• Timeout and Timeout Unit:
    • This is the time to live of the message (the time to message expiration). We configure it as 10 seconds.

  3. The orchestration waits for a corresponding ACK/NACK message to be routed to it from the corresponding MSMQ Administrative queue via a correlation.
  4. When the ACK/NACK notification is received from the admin queue, the message prints a message to the Debug Stream (which you can read using DebugView or whatever) telling if the message was sent or not.

This sounds much simpler than what it really is. The first problem that appears is how to correlate the ACK/NACK message back to the orchestration instance that sent the message. MSMQ provides a mechanism for this, in the form of the CorrelationId property of the message: Basically, what happens is that the ACK/NACK message will have in the CorrelationId property the ID MSMQ (not biztalk) assigned to the original message when you sent it. Unfortunately, doing this is complicated, because of the way biztalk works, or, at least, I didn't find a clean way of doing it using standard correlations sets.

The easiest way to workaround this (and the one the samples shows) is to, instead, correlate on another unique and shared property of the messages, and the simplest one is to use the message label. We do this by simply creating a new message to send to MSMQ and setting the MSMQ.Label property to a unique value (a guid) for the orchestration instance. We then initialize a correlation set (created on top of the MSMQ.Label property) when sending the message to MSMQ and then following it when receiving the ACK/NACK message from the administration queue.

There is a problem with this, however, and is that the MSMQ adapter doesn't promote the MSMQ.Label property, it just writes it to the message context. Because of this, you can't use it for routing, and thus the correlation set we just configured will not work. To workaround this, we need to create a new custom pipeline component that promotes the property, and then use this component in a custom receive pipeline associated with the Receive Location we configured for the Administration Queue. I provide a sample component to do this in the MsmqPropertyPromotionComponent project. All it actually does is this:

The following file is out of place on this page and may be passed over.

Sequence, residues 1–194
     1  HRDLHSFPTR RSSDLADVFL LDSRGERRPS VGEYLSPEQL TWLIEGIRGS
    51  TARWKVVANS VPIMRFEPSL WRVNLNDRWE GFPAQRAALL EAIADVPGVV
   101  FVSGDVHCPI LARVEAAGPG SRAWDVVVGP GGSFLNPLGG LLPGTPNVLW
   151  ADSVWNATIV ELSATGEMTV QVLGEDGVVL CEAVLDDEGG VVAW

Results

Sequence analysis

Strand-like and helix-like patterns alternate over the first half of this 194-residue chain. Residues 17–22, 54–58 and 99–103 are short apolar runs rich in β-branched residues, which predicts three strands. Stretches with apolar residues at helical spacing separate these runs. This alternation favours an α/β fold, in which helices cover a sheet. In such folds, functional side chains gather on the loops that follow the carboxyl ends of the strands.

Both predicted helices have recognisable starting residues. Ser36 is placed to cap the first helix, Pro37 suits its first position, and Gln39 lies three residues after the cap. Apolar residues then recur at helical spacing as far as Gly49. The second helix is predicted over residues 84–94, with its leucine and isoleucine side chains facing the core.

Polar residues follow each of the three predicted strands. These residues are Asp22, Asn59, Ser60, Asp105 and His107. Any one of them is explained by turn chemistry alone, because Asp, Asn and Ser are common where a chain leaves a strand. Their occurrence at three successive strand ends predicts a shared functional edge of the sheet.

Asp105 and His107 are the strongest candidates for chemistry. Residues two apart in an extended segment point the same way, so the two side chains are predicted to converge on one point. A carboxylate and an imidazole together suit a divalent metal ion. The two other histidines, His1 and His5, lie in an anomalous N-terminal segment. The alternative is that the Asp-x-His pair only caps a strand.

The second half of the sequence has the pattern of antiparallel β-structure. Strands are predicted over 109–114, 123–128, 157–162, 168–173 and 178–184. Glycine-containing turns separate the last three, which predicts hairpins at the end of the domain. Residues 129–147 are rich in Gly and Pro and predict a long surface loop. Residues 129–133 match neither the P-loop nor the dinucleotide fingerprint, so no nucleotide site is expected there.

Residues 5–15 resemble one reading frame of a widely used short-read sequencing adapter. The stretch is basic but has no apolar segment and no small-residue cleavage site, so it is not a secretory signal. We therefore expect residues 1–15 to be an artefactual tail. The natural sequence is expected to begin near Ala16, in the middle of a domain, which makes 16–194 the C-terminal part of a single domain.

public IBaseMessage Execute(IPipelineContext context, IBaseMessage msg)
{
MSMQ.Label labelProp = new MSMQ.Label();
object obj = msg.Context.Read(labelProp.Name.Name, labelProp.Name.Namespace);
string label = obj as string;
if ( label != null )
{
msg.Context.Promote(labelProp.Name.Name, labelProp.Name.Namespace, label);
}
return msg;
}

With that out of the way, a second problem appears: When MSMQ generates a Negative Acknowledgement message, the body of the message will actually contain the body of the original message it couldn't sent. This is great. However, when it generates a Positive Acknowledgement message, the body is 0 bytes long (i.e. empty). This means that if you receive the ACK/NACK message using the standard XmlDisassembler component you'll fault in the ACK case, which is certainly not what we intended!

To work around this we configure the orchestration to receive just an XmlDocument from the administration queue, instead of a typed message from a given schema. This allows us to handle the case where the message body is empty correctly!

The third, and though issue, once you receive the ACK/NACK message, is how to know if it meant the message was succesfully sent or not. MSMQ provides a mechanism for this based on the Class (PROPID_M_CLASS) property of the message. Basically, you can check this property to see if it meant the message is a positive acknowledgement (in which case it will be either MQMSG_CLASS_ACK_REACH_QUEUE or MQMSG_CLASS_ACK_RECEIVE) or a negative one (every other value).

Unfortunately, the MSMQ adapter doesn't expose this message property as part of the message context in BizTalk, which is a pity. What I do in the sample is use a fairly ugly hack: I take advantage of the fact that ACK messages have a 0-byte length body! For this, I created a helper component (in the MessageHelperComponent project) that simply checks the length of the body:

public class MessageHelper
{
public static bool IsEmpty(XLANGPart part)
{
Stream stream = (Stream)part.RetrieveAs(typeof(Stream));
bool isEmpty = stream.Length == 0;
stream.Close();
return isEmpty;
}
}

If the message is a NACK notification, you can further dig into the MSMQ.Acknowledge property in the message's Context to see what kind of error actually happened.

I hope this information can be useful to someone, and, if you find a better option, please do let me know! You can download the sample meanwhile here.


Tomas Restrepo

Software developer located in Colombia. Sr. PFE at Microsoft.